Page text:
gout

  1. The gout risk you’re NEVER warned about

    “Joints full of razor blades.”

    That’s how I’ve heard gout patients describe their condition.

    And I’ll tell you what – it’s not too far from the truth.

    When you have gout, razor-like crystals form in your joints. And that can make even the slightest physical activity (like walking up a flight of stairs) feel like ABSOLUTE TORTURE.

    Most gout patients rush to the doctor’s office desperate and willing to try ANYTHING to make the pain go away.

    But here’s the sad truth – science is showing that lots of these folks have ALREADY lost their battle with gout before it’s really begun.

    A new study out of Taiwan shows that from the moment you’re diagnosed with gout, your risk of total joint replacement shoots through the roof.

    So, what does that mean? Does it mean the gout drugs aren’t working?

    Absolutely. In many cases, these pricey (and sometimes dangerous) gout meds aren’t doing a thing to heal your joints and prevent the worst possible outcome – that is, having to replace a joint.

    But there are other factors here that we need to pay attention to – like whether you have gout.

    Researchers discovered that gout can exist for a long time BEFORE any symptoms develop. So, by the time the pain surfaces, the destruction of your joints may be well underway.

    Even the BEST drugs are going to have a hard time reversing that.

    What’s the answer?

    Well, even if you don’t have gout… even if you’ve never THOUGHT about gout… you’d be wise to take steps to keep it from developing.

    You get gout because you’ve got too much uric acid in your blood, which leads to crystal formation on your joints. To lower uric acid levels and prevent gout, you want to avoid too many organ meats, processed foods, and sugar.

    There are also some natural remedies worth trying.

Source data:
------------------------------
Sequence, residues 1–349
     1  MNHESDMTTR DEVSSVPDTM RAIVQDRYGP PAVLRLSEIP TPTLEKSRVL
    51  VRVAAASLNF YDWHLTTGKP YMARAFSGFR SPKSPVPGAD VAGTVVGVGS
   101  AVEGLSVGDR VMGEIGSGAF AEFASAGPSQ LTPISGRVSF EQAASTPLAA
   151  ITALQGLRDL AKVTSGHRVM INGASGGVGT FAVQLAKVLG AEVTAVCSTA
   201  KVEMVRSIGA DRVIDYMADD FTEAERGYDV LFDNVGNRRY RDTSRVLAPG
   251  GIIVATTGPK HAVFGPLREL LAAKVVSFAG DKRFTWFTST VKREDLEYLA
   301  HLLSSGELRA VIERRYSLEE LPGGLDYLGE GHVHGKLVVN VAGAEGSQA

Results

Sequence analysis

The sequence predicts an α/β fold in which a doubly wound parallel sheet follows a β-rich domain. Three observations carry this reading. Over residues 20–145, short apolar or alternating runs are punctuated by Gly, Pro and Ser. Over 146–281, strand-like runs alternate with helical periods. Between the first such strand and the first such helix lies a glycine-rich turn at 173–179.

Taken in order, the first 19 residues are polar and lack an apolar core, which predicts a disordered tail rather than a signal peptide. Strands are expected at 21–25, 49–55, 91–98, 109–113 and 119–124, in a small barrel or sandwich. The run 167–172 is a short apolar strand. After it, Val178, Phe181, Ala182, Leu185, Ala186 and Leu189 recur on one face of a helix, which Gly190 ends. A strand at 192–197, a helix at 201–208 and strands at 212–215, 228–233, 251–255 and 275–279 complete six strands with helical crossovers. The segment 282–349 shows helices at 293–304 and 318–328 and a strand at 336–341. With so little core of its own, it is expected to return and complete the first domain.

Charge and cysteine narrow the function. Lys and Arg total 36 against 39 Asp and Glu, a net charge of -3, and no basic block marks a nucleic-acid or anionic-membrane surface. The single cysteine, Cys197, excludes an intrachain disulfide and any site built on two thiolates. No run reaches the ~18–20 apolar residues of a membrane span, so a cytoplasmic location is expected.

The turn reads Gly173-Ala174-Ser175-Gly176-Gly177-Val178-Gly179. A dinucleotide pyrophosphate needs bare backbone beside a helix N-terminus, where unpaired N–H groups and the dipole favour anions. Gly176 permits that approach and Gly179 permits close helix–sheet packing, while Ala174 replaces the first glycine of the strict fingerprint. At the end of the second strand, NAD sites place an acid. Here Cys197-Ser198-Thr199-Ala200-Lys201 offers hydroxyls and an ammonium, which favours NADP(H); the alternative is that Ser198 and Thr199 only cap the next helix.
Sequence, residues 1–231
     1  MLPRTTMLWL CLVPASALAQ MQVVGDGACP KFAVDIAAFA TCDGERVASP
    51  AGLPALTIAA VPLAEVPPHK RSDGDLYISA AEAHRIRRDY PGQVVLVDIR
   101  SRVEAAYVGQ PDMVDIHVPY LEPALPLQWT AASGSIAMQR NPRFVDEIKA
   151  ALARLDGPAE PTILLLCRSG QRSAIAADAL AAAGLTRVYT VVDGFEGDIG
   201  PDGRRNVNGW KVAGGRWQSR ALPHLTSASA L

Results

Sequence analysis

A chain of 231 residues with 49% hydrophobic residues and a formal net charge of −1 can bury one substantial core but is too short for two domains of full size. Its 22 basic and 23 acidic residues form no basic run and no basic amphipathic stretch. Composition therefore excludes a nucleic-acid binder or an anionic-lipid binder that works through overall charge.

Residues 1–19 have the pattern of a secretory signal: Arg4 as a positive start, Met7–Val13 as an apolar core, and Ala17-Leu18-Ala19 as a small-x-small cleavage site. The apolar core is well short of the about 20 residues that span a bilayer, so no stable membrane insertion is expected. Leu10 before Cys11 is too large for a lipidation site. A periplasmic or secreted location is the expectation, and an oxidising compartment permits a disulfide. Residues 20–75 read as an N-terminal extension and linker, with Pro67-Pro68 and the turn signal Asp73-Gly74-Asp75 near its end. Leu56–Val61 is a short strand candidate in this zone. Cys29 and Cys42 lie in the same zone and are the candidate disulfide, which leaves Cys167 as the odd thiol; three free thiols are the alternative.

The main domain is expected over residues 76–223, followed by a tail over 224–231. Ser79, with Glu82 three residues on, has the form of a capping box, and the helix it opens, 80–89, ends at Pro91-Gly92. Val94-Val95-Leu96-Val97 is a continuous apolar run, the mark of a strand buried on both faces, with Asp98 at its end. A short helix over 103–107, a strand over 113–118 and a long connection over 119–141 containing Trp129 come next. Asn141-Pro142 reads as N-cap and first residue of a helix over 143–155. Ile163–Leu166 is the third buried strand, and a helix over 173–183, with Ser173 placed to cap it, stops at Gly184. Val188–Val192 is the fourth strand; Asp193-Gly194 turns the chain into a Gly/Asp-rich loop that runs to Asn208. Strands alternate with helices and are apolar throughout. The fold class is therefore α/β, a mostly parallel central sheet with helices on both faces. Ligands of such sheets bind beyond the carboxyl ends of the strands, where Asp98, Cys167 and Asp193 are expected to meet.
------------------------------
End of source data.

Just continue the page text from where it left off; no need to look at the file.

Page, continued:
Tart cherry juice (you can also buy tart cherry extract as a supplement) has been proven to reduce the occurrence of gout flare-ups. An international study published in 2012 even found that tart cherry can start reducing gout attacks in as little as two days.

    If it feels like your joints are being sliced and stabbed with razor blades, adding tart cherry to your daily routine makes a lot of sense.

    But it’s probably a good idea even if you don’t have gout.

    Because by the time gout symptoms develop, you may already be behind the eight-ball.

  2. Weight loss improves gout

    Shave off pounds to save your joints

    Your big toe is red, swollen, and throbbing out of your shoe. When you've got a gout flare-up, it's tough to put your best foot forward... AND figure out which direction to head for relief.

    We know that gout is caused by an excess of uric acid in your blood, which can form needle-shaped crystals that become painful daggers when they collect in your joints.

    And we also know that certain foods that contain purine, like organ meats and seafood, can send your serum uric acid (sUA) levels sky high.

    But according to the latest research, simply avoiding a FEW foods may not be enough to root out gout -- because your best bet is actually a diet that helps you shed pounds.

    Just this morning, I shared a study with you that showed how maintaining a healthy weight can help you control your blood pressure.

    Well, it turns out that's not all that shedding a few extra pounds can do for your health.